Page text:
Killswitch Engage - Disarm the Descent Review
Posted by Mark Radulich on 04.15.2013
Vocalist Jesse Leach returns to Killswitch Engage since his departure in 2002. How does the new album sound? Check out the review to find out.
1. "The Hell In Me" 2:57
2. "Beyond The Flames" 2:53
3. "The New Awakening" 3:33
4. "In Due Time" 3:18
5. "A Tribute To The Fallen" 4:02
6. "Turning Point" 3:12
7. "All We Have" 3:20
8. "You Don't Bleed For Me" 3:20
9. "The Call" 2:50
10. "No End In Sight" 3:29
11. "Always" 4:33
12. "Time Will Not Remain" 3:13
Disarm the Descent is the sixth studio album by one of the most successful metalcore bands around, Killswitch Engage. The album was released on April 2, 2013, under Roadrunner Records. This album marks the triumphant return of vocalist Jesse Leach since he left the band after 2002's Alive or Just Breathing. Leach replaces the man that replaced him, Howard Jones.
I don't know about you but the first time I ever heard of KE was when I happened to have heard the song, "Rose of Sharyn." It was heavy, guttural and beautiful all at the same time. I didn't pay that much attention to the band after The End of Heartache until I heard their cover of "Holy Diver." However, when I heard that KE were releasing a new album this year I became very exciting to hear what they would come up with. My biggest fear with metal is that a band that has found mainstream success will soften or completely change their sound to something that not only turns me away but most of their following. This sort of thing happened to Life of Agony in the 90's. Needless to say I had nothing to worry.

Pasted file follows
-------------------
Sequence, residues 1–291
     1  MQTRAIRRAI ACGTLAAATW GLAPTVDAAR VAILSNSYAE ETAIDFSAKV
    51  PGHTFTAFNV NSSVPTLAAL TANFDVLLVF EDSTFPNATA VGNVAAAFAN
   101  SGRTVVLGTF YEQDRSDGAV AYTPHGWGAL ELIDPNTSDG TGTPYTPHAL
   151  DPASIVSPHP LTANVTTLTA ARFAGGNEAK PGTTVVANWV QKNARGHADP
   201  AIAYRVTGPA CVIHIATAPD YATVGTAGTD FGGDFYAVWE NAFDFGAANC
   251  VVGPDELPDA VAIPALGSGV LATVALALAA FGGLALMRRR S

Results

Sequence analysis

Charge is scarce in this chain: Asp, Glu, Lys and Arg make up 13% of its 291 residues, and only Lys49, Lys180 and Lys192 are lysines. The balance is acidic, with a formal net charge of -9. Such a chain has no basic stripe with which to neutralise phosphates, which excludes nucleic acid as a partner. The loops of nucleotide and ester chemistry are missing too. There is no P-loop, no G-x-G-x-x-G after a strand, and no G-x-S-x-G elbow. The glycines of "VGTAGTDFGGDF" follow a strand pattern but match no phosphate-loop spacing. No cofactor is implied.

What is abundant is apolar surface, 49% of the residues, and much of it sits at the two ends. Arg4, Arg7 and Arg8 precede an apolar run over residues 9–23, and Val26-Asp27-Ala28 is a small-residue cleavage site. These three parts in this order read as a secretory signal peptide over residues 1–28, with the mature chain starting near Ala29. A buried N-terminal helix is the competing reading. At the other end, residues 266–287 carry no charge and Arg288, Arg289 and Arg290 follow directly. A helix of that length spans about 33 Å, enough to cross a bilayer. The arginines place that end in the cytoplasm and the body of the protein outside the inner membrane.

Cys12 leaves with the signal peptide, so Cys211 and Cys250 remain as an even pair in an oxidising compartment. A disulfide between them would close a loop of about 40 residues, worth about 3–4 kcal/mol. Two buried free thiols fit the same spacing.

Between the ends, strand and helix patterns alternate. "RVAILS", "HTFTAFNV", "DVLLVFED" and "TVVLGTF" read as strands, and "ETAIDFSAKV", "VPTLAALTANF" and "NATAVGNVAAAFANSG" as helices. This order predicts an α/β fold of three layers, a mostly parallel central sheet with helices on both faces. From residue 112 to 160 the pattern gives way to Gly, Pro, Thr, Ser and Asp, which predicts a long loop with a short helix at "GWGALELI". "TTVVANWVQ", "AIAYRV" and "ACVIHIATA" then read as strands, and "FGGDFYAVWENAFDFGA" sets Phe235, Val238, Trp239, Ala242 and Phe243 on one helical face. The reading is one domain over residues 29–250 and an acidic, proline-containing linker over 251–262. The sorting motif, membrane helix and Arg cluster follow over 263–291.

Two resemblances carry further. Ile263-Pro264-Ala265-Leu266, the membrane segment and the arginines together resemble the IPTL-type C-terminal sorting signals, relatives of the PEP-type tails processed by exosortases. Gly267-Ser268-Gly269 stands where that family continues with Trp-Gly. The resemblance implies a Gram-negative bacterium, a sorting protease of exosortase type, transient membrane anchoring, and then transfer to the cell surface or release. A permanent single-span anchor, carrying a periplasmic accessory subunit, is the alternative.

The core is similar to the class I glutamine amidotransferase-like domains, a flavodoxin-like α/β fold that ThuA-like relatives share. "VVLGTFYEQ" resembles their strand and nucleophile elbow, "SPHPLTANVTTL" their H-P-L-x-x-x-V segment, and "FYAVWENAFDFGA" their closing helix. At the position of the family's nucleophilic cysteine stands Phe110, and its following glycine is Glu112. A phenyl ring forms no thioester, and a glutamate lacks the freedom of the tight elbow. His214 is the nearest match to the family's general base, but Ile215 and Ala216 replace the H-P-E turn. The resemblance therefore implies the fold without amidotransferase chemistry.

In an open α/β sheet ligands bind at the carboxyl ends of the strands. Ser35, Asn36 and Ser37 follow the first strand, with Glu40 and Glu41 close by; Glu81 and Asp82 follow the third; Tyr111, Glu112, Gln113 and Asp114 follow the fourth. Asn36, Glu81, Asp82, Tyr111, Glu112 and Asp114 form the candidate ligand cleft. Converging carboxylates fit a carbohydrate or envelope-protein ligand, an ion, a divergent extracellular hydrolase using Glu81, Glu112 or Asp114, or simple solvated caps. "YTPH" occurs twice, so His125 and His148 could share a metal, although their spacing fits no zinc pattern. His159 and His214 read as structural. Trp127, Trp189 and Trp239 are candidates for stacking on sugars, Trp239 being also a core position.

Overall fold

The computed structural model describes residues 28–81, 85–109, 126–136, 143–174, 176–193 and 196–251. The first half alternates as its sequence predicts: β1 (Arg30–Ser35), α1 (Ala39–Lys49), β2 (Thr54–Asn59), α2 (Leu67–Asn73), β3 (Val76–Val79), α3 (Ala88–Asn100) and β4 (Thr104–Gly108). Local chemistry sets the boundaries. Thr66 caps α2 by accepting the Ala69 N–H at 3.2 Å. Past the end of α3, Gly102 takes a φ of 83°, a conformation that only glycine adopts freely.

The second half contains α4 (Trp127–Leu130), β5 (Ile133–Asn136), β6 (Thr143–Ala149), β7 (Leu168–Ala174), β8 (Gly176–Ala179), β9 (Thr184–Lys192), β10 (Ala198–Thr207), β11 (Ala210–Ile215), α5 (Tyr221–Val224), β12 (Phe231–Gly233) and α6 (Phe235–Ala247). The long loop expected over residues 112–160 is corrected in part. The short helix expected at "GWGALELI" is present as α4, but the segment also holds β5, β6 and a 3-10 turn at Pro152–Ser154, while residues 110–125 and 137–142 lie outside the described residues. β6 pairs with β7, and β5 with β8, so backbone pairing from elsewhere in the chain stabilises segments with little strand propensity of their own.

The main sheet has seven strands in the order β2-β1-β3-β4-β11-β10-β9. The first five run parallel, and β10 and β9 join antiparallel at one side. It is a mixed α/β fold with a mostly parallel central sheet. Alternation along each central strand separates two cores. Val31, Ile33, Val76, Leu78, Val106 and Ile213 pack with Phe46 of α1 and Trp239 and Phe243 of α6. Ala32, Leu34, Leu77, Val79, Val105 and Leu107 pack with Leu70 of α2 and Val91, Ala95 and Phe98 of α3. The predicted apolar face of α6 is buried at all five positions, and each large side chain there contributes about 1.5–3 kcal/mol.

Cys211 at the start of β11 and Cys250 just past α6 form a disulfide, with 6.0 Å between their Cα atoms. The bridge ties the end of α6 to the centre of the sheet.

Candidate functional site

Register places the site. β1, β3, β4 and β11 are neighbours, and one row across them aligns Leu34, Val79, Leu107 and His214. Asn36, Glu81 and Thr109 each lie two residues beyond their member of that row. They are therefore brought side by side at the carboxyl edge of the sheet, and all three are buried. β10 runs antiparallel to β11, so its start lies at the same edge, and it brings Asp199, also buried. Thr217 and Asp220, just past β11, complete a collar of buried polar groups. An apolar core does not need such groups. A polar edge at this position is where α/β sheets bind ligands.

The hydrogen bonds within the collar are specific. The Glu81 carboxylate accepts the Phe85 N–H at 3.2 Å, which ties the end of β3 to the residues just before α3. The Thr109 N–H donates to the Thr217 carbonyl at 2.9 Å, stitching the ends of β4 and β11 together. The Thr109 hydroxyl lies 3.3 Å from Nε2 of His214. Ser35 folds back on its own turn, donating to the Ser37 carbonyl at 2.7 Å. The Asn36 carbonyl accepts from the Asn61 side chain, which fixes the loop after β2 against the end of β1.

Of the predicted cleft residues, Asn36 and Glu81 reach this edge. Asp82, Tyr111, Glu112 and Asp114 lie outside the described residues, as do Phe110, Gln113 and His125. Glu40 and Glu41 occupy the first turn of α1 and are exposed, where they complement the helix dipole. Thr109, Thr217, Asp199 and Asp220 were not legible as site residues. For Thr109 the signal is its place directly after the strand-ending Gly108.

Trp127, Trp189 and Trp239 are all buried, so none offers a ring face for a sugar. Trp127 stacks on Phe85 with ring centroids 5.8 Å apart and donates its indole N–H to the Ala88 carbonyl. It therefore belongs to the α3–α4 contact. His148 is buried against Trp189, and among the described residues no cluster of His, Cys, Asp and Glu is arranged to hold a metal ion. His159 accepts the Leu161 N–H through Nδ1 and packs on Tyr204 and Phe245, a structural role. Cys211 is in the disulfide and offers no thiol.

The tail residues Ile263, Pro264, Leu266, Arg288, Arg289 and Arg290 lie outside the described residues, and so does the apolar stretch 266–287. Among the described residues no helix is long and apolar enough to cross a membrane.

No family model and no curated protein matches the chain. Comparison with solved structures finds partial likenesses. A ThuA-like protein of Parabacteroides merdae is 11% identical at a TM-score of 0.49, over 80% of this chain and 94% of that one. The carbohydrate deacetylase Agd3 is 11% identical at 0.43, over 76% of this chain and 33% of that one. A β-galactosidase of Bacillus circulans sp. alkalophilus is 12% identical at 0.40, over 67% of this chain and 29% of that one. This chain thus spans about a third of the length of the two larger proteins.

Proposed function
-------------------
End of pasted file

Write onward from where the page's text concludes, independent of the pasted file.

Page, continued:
Disarm the Descent starts off with a sonic blast that can only be described as death-metal-inspired.
"The Hell in Me" is all over in the place in the kind of way music should be. It's heavy, melodic, angry and lovely all at once. I was so drawn in by this song and surprised at the use of blast beats that I didn't even realize until I started doing research for this review that Leach had returned to the band. My first thought when I heard this was that if this song was an indication as to how the rest of the album was going to go, it was safe to assume that they weren't compromising their integrity for continued mainstream success. In short, I was impressed to hear them continuing to kick oh so much ass after all this time.
The album's first single, "In Due Time", was digitally released on February 5, 2013.
Leach balances the angry screaming with melodic singing well in this song. All of the groovy hooks are their backing him up, keeping the album moving in a good direction. Some critics of this album have stated that while Leach has improved as a singer and the band has become musically tighter, the raw energy and catharsis are missing. Furthermore, it has been said that while the album sounds well produced and heavy, it could be interpreted as bland and empty. I happen to disagree. I don't think one necessarily needs to be experience emotional trauma to put out powerful music. One certainly can but it's not a necessity. I for one enjoyed this album and felt it was a proper representation of where the band is at while not sacrificing any of the emotional content.
The second single, "The New Awakening" was released on March 13th, 2013.
"The New Awakening," follows in the same style as the previous 2 and most of the rest of the album doesn't deviate. However, if you are looking for songs with a bit more of an edge to them, there are a few surprises such as, "All We Have."
As a fan of the old New York Hardcore scene from back in the 90's, I can certainly appreciate what they were going for with the above track and how they improved upon the style.
Overall, I dug this album and think that it can be enjoyed by both those who have never heard of the band and old fans alike.
The 411: Fans have been arguing on-line about how the band sounds without Howard Jones and while I'm sure that is important to many, I don't think his absence affects the overall sound all that much. There are some minor changes but the lions share of songs are still just as good if not better than previous efforts. I have no major complaint about this album and look forward to hearing many of these songs played live, which I'm sure is where they'll sound the best.